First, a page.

US5642078A (en) * 1995-09-29 1997-06-24 Crystal Semiconductor Corporation Amplifier having frequency compensation by gain degeneration
US5825246A (en) * 1996-08-19 1998-10-20 Motorola, Inc. Low voltage class AB amplifier
US5959475A (en) * 1998-01-13 1999-09-28 Xerox Corporation Complementary push-pull CMOS source follower analog video buffer
US6111464A (en) * 1999-07-23 2000-08-29 Nokia Networks Oy Amplifier having bias circuit self-compensating for VGS process variation and IDS aging
US6255909B1 (en) * 2000-11-02 2001-07-03 Texas Instruments Incorporated Ultra low voltage CMOS class AB power amplifier with parasitic capacitance internal compensation
US20030054780A1 (en) * 2000-09-05 2003-03-20 Hitachi, Ltd. High frequency power amplifying circuit, and mobile communication apparatus using it
US6603356B1 (en) * 2001-12-07 2003-08-05 Lsi Logic Corporation Method and circuit for controlling quiescent current of amplifier
US6781459B1 (en) 2003-04-24 2004-08-24 Omega Reception Technologies, Inc. Circuit for improved differential amplifier and other applications
US20070007934A1 (en) * 2005-07-06 2007-01-11 Micrel, Incorporated MOSFET triggered current boosting technique for power devices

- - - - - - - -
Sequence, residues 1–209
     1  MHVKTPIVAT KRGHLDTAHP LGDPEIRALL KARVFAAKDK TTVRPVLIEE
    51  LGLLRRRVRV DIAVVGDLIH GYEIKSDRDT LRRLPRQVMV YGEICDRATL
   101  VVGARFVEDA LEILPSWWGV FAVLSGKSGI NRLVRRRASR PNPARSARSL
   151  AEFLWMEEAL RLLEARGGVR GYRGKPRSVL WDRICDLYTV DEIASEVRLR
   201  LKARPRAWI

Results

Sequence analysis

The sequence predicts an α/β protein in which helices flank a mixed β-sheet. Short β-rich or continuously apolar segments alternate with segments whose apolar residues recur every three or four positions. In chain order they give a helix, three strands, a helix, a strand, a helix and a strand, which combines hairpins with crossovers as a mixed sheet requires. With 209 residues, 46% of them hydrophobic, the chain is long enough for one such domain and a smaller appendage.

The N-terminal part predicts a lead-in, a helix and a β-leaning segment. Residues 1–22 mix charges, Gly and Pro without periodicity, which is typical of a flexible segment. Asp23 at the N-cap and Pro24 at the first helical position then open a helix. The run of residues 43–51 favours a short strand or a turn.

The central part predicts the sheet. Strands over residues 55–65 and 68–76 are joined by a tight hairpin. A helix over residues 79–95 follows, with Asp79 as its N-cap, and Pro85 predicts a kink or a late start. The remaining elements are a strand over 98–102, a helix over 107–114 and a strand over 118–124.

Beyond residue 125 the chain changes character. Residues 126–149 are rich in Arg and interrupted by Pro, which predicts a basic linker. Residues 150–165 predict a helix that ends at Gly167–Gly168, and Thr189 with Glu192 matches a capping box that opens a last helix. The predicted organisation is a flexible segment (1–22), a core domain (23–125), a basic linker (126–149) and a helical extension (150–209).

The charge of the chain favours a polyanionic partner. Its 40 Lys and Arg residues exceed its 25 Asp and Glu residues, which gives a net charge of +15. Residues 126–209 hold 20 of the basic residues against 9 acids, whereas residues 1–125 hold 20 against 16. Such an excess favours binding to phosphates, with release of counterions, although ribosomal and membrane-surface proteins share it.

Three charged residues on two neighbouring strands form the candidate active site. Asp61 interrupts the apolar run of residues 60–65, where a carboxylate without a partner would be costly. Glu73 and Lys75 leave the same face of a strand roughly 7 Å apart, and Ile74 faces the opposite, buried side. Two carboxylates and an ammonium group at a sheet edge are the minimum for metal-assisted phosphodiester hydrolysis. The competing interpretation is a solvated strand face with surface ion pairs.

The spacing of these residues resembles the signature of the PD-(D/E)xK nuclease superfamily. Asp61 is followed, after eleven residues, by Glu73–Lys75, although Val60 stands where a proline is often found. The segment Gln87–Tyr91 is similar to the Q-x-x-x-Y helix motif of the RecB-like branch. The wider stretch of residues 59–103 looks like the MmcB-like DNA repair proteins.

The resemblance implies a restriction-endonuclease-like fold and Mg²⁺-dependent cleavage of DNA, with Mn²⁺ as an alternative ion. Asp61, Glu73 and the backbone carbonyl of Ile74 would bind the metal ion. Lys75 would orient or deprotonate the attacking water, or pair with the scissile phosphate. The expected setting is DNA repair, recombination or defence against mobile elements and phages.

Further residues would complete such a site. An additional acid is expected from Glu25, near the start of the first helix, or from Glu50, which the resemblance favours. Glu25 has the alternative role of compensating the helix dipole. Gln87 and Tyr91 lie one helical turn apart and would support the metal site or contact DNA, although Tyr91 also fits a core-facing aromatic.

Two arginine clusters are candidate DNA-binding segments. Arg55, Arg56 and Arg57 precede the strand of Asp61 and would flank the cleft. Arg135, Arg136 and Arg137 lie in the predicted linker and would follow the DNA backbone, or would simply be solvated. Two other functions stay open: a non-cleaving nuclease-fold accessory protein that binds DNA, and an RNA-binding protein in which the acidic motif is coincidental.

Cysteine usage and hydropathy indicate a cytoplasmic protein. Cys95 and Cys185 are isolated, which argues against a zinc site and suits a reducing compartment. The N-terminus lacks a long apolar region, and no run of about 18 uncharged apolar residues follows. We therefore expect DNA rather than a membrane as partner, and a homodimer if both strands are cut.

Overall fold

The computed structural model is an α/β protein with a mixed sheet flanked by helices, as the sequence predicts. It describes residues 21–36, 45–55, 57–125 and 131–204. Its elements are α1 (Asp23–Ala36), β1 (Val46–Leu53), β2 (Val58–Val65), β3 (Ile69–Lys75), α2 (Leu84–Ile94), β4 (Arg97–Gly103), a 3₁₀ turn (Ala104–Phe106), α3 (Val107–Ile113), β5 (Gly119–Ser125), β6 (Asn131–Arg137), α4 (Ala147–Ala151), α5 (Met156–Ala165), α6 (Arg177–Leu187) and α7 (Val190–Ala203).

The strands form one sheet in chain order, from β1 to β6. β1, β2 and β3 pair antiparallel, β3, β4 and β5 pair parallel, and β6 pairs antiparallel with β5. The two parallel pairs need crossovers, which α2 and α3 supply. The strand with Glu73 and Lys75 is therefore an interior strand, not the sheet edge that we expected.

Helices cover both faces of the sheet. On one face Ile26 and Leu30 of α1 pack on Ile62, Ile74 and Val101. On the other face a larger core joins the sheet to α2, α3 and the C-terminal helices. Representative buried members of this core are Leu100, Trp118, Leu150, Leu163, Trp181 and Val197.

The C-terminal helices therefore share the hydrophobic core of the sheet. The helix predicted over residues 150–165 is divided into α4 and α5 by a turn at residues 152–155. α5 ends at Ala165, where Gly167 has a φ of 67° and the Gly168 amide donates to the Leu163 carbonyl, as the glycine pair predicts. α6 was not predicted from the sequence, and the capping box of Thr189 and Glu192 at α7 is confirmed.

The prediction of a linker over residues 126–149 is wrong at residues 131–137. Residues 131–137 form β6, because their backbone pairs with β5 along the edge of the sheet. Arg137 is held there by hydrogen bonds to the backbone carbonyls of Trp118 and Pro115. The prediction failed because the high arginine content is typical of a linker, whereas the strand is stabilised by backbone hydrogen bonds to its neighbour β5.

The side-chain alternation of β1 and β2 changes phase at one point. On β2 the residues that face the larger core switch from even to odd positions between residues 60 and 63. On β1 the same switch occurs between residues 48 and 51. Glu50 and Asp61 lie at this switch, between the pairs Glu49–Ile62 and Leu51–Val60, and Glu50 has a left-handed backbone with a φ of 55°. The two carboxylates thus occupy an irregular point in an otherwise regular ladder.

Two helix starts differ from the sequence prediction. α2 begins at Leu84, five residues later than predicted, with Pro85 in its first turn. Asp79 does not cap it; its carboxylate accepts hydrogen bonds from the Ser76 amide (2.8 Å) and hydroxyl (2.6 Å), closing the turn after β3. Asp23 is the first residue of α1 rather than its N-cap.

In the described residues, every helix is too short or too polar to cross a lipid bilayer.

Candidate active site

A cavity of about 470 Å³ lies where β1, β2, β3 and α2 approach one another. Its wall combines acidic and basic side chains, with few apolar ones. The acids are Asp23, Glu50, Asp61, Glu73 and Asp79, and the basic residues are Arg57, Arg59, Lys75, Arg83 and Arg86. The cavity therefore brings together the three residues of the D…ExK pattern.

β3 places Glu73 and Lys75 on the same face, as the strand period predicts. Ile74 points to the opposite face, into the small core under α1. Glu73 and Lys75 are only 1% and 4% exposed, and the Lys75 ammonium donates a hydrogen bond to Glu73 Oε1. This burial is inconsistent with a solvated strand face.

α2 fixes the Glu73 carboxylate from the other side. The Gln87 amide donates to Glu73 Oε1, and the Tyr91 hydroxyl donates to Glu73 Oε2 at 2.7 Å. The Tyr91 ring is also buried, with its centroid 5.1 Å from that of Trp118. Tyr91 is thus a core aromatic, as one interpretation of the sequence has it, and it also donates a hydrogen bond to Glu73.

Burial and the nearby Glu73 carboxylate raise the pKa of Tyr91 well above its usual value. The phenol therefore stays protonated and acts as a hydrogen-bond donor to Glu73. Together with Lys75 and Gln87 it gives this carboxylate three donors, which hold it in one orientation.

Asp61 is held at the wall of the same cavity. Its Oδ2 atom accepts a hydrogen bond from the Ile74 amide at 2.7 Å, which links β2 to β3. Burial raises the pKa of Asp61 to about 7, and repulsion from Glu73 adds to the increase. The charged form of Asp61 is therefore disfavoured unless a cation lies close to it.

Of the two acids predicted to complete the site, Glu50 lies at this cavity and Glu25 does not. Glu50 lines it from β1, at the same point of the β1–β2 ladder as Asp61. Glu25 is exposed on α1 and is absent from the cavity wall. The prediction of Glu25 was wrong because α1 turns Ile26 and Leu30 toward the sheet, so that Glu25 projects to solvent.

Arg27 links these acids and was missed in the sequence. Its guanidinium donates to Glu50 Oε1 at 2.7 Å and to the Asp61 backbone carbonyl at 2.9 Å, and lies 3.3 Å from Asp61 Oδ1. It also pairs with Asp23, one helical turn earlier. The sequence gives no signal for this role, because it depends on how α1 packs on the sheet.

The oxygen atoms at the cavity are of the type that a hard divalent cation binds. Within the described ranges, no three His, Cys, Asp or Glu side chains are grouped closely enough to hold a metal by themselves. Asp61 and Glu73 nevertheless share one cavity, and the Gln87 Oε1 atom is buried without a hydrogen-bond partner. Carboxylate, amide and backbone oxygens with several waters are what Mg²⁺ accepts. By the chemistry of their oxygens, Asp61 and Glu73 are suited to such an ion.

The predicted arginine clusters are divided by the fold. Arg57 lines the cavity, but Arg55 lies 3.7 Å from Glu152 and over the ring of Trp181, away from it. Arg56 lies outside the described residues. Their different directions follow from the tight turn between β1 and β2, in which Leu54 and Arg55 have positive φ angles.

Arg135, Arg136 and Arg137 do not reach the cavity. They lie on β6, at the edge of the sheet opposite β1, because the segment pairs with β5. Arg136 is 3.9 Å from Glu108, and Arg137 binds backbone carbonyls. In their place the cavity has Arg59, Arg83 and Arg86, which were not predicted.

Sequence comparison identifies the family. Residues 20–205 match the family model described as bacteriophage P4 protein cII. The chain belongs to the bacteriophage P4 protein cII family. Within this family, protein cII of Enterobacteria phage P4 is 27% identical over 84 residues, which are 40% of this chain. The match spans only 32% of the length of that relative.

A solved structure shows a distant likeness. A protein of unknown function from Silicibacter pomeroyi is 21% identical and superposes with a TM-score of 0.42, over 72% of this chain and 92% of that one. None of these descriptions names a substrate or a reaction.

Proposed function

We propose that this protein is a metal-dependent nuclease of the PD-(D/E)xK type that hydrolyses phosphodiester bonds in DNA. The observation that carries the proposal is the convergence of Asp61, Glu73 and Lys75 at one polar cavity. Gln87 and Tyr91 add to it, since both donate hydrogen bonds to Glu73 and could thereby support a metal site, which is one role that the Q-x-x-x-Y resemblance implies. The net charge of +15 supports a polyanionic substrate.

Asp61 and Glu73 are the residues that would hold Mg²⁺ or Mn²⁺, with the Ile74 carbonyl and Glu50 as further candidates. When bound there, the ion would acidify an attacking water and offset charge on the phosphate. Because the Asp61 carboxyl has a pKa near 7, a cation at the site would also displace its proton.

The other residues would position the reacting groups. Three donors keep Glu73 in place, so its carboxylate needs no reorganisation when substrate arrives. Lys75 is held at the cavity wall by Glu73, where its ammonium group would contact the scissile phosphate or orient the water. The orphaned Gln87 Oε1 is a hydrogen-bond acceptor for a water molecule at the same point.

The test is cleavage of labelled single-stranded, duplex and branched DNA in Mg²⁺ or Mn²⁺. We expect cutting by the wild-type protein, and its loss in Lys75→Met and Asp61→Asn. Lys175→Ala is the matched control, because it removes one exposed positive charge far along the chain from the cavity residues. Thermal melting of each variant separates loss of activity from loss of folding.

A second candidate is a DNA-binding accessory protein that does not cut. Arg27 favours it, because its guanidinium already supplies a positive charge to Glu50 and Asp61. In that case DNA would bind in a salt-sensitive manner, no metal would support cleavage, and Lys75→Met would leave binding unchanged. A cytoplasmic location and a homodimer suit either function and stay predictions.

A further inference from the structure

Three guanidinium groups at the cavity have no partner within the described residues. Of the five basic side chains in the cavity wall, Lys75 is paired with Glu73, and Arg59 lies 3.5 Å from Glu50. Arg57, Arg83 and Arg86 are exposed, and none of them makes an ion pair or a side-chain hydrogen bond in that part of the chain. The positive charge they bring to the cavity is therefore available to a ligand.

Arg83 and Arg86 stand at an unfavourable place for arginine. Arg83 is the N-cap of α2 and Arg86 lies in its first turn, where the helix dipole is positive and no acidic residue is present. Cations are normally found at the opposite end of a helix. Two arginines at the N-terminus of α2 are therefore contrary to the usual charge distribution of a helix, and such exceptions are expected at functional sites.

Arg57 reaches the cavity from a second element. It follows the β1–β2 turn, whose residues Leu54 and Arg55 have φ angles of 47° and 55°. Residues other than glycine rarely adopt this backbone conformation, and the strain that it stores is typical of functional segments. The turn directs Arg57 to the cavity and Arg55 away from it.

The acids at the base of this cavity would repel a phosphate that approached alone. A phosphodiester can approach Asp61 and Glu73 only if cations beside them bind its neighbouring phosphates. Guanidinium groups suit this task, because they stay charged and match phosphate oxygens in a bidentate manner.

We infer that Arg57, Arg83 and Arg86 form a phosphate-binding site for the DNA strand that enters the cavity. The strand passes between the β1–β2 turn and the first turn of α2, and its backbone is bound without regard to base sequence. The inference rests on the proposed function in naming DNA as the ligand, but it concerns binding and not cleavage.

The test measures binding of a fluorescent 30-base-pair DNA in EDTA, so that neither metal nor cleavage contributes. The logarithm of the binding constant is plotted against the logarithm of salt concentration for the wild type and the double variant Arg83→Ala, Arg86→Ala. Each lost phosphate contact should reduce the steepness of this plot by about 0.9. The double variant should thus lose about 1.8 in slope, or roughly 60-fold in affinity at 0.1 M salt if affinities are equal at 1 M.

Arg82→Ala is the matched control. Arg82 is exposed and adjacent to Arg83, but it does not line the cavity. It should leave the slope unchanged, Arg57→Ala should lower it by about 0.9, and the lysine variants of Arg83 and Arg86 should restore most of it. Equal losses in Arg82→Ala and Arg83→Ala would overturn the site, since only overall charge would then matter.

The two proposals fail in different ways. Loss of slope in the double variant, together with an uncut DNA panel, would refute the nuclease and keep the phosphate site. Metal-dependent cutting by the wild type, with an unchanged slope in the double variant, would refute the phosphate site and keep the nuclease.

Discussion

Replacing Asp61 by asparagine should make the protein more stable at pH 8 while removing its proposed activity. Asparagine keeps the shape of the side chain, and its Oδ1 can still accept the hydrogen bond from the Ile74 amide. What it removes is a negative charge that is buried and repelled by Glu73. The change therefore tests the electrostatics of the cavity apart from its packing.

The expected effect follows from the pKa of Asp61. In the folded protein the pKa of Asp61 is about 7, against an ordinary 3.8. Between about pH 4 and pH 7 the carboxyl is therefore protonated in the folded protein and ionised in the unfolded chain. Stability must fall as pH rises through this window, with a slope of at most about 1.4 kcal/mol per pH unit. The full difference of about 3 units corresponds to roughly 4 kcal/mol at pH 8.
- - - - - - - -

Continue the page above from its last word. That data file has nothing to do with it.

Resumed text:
EP1850476A1 (en) * 1999-12-02 2007-10-31 Yamaha Corporation Differential amplifier circuit
DE102006023710A1 (en) * 2006-05-19 2007-11-22 Xignal Technologies Ag Class AB amplifier circuit with combined quiescent and common-mode control
US20070285167A1 (en) * 2006-05-19 2007-12-13 National Semiconductor Germany Ag Class ab amplifier circuit with combined quiescent current and common mode control
US20080284515A1 (en) * 2007-05-14 2008-11-20 Trendchip Technologies Corp. Circuits for quiescent current control
US7764122B1 (en) * 2006-05-23 2010-07-27 Marvell International Ltd. Dual stage source/sink amplifier circuit with quiescent current determination

Families Citing this family (2)

* Cited by examiner, † Cited by third party
Publication number Priority date Publication date Assignee Title
DE4329865C2 (en) * 1993-09-03 1995-12-14 Siemens Ag A circuit arrangement for adjusting the cross current of a push-pull output stage
US6529074B1 (en) * 2001-07-26 2003-03-04 Cirrus Logic, Inc. Circuits and methods for output impedance matching in switched mode circuits

Citations (1)

* Cited by examiner, † Cited by third party
Publication number Priority date Publication date Assignee Title
GB2194697A (en) * 1986-08-08 1988-03-09 Sgs Microelettronica Spa Fully differential cmos operational power amplifier